Eyelash is an evocative depiction of OCD, capturing its dominating presence in a man’s life. His inability to maintain a romantic relationship leaves him lost in a world he doesn’t understand, or even care about.
Spending weekends exploring the online Aesthetica Short Film Festival has been a welcome distraction from the perils of another lockdown. Forced to remain entirely virtual, the York-based festival has remained as active as ever, with a superb selection of short films and live talks.
Eyelash, directed by Jesse Lewis-Reece stands out amongst other films for its relentless realism and evocative depiction of OCD. Running at just five minutes it is brief even for a short film. Yet the way it still manages to engage the heart and mind of the viewer makes it all the more impressive. Placed in the festivals ‘Identity’ section, Eyelash is an adaptation of Neil Hilborn’s poem ‘OCD’. While mental health issues lie at the heart of the film, it is dressed in the skin and bones of a love story. Eyelash captures the protagonist’s attachment to his new girlfriend, which provides him with brief calm in a world plagued by harsh noise and grating over-stimulation.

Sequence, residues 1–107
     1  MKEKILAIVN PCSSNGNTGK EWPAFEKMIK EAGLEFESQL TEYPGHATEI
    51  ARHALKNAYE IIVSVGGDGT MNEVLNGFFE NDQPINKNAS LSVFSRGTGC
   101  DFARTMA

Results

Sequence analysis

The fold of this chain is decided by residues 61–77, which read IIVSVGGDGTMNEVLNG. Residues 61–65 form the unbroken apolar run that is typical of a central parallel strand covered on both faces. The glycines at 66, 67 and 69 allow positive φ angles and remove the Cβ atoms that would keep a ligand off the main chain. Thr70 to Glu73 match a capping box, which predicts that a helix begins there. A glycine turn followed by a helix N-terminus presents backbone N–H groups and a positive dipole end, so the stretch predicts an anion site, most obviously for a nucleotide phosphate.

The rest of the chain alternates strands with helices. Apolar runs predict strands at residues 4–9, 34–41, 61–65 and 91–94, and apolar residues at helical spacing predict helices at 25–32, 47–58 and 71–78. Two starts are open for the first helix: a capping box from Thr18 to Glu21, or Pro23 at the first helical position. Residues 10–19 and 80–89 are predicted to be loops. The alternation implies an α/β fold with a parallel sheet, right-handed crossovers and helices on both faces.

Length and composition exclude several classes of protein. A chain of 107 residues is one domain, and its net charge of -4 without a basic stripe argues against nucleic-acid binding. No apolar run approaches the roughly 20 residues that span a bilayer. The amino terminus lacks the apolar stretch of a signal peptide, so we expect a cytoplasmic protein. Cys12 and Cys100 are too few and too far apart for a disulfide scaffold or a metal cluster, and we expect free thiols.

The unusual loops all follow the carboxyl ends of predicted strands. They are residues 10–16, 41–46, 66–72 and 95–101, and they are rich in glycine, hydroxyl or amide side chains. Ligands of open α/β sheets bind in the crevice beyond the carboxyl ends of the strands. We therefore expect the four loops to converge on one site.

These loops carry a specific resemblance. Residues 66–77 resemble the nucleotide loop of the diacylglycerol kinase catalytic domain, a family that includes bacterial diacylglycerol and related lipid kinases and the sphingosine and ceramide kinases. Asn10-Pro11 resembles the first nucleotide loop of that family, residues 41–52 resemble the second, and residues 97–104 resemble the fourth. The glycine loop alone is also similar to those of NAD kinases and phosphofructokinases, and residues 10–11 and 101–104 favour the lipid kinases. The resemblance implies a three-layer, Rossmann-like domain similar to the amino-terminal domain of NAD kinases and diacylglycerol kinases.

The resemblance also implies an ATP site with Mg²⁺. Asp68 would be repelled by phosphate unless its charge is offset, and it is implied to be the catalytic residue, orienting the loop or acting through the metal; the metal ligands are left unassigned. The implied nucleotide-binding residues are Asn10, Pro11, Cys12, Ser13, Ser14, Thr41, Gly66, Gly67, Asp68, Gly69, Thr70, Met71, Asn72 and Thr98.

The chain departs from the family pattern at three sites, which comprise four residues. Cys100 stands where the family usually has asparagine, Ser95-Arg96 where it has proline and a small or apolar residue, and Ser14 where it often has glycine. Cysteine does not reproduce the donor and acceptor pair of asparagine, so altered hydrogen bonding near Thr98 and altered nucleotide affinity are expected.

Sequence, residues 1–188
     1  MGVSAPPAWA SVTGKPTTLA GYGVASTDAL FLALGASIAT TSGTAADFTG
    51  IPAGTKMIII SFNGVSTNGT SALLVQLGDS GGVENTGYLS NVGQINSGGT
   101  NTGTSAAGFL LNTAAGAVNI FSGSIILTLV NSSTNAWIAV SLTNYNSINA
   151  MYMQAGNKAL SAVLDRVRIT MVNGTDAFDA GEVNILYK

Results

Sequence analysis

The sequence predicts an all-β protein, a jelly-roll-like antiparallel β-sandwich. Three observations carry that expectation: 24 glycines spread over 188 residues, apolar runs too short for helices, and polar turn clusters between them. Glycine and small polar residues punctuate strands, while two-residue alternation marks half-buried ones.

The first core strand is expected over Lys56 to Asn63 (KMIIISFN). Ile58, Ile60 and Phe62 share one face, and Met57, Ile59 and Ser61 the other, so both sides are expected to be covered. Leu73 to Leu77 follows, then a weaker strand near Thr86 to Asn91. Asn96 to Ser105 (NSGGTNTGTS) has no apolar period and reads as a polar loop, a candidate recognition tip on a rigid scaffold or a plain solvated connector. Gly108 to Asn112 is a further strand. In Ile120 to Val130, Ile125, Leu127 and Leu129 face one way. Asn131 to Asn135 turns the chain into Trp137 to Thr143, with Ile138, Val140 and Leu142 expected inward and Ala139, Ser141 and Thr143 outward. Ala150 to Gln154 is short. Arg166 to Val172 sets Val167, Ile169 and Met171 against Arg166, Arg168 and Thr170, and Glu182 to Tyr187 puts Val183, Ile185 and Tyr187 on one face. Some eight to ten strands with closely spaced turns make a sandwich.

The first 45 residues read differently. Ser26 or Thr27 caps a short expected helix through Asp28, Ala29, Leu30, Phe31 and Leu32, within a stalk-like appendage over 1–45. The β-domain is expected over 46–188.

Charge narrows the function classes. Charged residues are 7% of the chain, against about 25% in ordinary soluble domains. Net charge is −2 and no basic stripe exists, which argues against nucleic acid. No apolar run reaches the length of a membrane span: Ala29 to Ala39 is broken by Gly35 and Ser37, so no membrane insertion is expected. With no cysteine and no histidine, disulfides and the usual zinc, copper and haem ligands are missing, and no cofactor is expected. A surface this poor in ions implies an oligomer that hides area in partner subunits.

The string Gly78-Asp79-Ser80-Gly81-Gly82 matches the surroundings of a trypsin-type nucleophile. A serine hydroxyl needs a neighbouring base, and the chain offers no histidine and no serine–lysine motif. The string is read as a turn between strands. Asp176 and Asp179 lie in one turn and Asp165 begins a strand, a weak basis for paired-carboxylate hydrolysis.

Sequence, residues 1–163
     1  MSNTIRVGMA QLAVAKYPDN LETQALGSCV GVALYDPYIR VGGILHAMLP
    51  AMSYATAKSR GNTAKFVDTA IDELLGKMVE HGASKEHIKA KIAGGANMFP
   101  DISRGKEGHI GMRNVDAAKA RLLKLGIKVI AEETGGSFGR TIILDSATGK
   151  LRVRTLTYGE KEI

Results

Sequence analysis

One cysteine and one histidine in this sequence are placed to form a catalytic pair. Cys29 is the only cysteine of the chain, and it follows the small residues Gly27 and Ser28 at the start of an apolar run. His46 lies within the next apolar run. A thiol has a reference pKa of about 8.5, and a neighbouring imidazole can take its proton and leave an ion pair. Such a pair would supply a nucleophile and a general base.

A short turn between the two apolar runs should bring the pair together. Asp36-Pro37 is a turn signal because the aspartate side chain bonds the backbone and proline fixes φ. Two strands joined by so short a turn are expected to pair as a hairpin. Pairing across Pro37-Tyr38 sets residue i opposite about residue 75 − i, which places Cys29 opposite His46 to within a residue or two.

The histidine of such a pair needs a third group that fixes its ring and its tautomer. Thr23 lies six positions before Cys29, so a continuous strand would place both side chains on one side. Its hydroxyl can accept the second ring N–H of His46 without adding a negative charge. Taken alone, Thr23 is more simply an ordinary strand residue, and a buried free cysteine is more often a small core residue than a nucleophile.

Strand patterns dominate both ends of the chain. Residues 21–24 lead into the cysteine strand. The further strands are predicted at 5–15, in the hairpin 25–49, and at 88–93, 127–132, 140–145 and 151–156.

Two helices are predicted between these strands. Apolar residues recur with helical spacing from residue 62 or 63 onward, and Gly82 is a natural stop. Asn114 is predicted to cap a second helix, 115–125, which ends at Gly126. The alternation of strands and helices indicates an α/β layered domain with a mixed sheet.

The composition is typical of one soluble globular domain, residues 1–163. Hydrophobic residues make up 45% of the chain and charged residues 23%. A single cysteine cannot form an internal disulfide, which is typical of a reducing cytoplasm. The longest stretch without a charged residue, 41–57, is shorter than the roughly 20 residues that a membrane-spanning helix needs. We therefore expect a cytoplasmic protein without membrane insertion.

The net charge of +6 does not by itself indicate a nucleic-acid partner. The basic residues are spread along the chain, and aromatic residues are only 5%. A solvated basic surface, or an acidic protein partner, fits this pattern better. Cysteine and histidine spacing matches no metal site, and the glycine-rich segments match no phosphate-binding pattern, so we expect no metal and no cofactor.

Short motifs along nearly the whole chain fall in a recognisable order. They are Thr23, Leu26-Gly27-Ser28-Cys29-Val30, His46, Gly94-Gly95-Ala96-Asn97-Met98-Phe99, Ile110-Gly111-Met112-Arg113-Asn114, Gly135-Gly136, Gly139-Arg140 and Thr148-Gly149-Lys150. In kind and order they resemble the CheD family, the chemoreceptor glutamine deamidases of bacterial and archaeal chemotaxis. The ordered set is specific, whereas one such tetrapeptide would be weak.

Fast-paced and crunchy editing overwhelms the shorts opening with the realities of OCD. But, as soon as his love interest is introduced, the pacing slows as she glows in front of him, a source of the idyllic silence and focus he craves. Love and connection within the relationship allows him to find peace and solace in his problems. The girl views the compulsive cravings that plague a sufferer of this disorder as a reason to love someone. However, as the story progresses the film’s palette darkens and the narrative builds with aggressive vigour, while the comfort of the relationship comes crashing down.
Eyelash is a refreshing presentation of mental health issues. Intentionally withholding from verbally describing the disorder, we are guided through a visual tour of the sensory intensity of OCD. Wrapped in a story which captures the power and overwhelming influence of love, Eyelash succeeds in displaying the conventional, daily hurdles of OCD along with the desire for love and a relationship; a balancing act which the protagonist finds difficult to maintain.
Left alone, the man clings against his pillow like a memory. He is left pondering the particulars and peculiarities of what he once had, craving the specific details of the girl who was once his distraction. In the end, she becomes his obsession.